Concept of an ionizing time-domain matter-wave interferometer
New J. Phys. 13, 075002 (2011), arXiv:1102.3644

We discuss the concept of an all-optical and ionizing matter-wave interferometer in the time domain. The proposed setup aims at testing the wave nature of highly massive clusters and molecules, and it will enable new precision experiments with a broad class of atoms, using the same laser system. The propagating particles are illuminated by three pulses of a standing ultraviolet laser beam, which detaches an electron via efficient single photon-absorption. Optical gratings may have periods as small as 80 nm, leading to wide diffraction angles for cold atoms and to compact setups even for very massive clusters. Accounting for the coherent and the incoherent parts of the particle-light interaction, we show that the combined effect of phase and amplitude modulation of the matter waves gives rise to a Talbot-Lau-like interference effect with a characteristic dependence on the pulse delay time.

Michael Gring, Stefan Gerlich, Sandra Eibenberger, Stefan Nimmrichter, Tarik Berrada, Markus Arndt, Hendrik Ulbricht, Klaus Hornberger, Marcel Müri, Marcel Mayor, Marcus Böckmann and Nikos Doltsinis
Influence of conformational molecular dynamics on matter wave interferometry
Phys. Rev. A 81, 031604(R) (2010), arXiv:1405.4649

We investigate the influence of thermally activated internal molecular dynamics on the phase shifts of matter waves inside a molecule interferometer. While de Broglie physics generally describes only the center-of-mass motion of a quantum object, our experiment demonstrates that the translational quantum phase is sensitive to dynamic conformational state changes inside the diffracted molecules. The structural flexibility of tailor-made hot organic particles is sufficient to admit a mixture of strongly fluctuating dipole moments. These modify the electric susceptibility and through this the quantum interference pattern in the presence of an external electric field. Detailed molecular dynamics simulations combined with density functional theory allow us to quantify the time-dependent structural reconfigurations and to predict the ensemble-averaged square of the dipole moment which is found to be in good agreement with the interferometric result. The experiment thus opens a new perspective on matter wave interferometry as it demonstrates for the first time that it is possible to collect structural information about molecules even if they are delocalized over more than hundred times their own diameter.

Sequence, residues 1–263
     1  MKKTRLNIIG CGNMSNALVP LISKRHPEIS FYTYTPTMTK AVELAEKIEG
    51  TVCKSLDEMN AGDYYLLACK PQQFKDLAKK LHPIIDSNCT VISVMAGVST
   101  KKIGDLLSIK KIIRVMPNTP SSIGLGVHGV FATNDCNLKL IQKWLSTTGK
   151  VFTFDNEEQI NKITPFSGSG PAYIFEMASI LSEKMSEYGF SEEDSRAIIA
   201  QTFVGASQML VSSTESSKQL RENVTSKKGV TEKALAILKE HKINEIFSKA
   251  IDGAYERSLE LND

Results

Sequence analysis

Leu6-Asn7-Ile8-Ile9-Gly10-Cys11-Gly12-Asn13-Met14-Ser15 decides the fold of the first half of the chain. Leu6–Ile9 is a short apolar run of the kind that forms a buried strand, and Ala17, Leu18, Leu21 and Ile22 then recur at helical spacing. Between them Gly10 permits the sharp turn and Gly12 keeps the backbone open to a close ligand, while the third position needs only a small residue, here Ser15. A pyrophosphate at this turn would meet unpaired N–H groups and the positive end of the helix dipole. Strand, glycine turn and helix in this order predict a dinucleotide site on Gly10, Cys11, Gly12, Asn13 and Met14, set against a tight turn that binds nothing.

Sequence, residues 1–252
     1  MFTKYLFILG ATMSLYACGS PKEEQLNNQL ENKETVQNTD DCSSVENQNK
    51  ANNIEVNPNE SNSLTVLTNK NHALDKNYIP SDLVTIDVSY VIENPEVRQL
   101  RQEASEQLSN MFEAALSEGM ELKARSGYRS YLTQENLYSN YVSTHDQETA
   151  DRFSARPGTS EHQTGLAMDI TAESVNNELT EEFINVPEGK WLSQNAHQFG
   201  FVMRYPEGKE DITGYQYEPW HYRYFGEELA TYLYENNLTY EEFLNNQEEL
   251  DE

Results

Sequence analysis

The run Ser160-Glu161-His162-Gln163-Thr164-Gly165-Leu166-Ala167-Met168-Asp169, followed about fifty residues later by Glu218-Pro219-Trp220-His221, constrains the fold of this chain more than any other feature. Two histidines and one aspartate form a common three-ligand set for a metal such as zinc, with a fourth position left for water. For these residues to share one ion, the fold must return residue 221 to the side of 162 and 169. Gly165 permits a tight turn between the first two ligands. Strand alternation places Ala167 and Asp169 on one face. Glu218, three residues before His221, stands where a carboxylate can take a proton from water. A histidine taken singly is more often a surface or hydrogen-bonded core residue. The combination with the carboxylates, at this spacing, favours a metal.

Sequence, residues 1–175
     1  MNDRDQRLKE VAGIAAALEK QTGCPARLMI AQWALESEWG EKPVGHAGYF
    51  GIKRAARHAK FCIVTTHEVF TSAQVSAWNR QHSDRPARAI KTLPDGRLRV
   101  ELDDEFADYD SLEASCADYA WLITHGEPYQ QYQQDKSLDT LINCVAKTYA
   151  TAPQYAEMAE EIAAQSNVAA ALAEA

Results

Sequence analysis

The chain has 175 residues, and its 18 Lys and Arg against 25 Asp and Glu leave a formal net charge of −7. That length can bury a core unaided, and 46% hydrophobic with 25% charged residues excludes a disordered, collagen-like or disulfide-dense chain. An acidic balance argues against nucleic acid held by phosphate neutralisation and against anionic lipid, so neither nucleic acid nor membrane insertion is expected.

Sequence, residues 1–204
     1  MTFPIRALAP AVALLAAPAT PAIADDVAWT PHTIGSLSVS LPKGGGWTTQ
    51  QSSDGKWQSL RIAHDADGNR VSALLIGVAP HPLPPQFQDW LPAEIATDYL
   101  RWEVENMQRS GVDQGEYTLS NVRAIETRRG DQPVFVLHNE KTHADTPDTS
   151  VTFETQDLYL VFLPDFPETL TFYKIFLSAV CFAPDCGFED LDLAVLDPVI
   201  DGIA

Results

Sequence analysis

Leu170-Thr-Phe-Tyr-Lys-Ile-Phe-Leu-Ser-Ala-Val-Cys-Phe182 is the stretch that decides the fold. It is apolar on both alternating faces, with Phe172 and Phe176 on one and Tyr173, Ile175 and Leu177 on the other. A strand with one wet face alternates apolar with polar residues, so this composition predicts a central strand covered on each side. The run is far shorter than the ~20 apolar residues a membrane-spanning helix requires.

Stefan Nimmrichter, Klemens Hammerer, Peter Asenbaum, Helmut Ritsch and Markus Arndt
Master Equation for the Motion of a Polarizable Particle in a Multimode Cavity
New J. Phys. 12, 083003 (2010), arXiv:1004.0807

We derive a master equation for the motion of a polarizable particle weakly interacting with one or several strongly pumped cavity modes. We focus here on massive particles with complex internal structure such as large molecules and clusters, for which we assume a linear scalar polarizability mediating the particle-light interaction. The predicted friction and diffusion coefficients are in good agreement with former semiclassical calculations for atoms and small molecules in weakly pumped cavities, while the current rigorous quantum treatment and numerical assessment sheds a light on the feasibility of experiments that aim at optically manipulating beams of massive molecules with multimode cavities.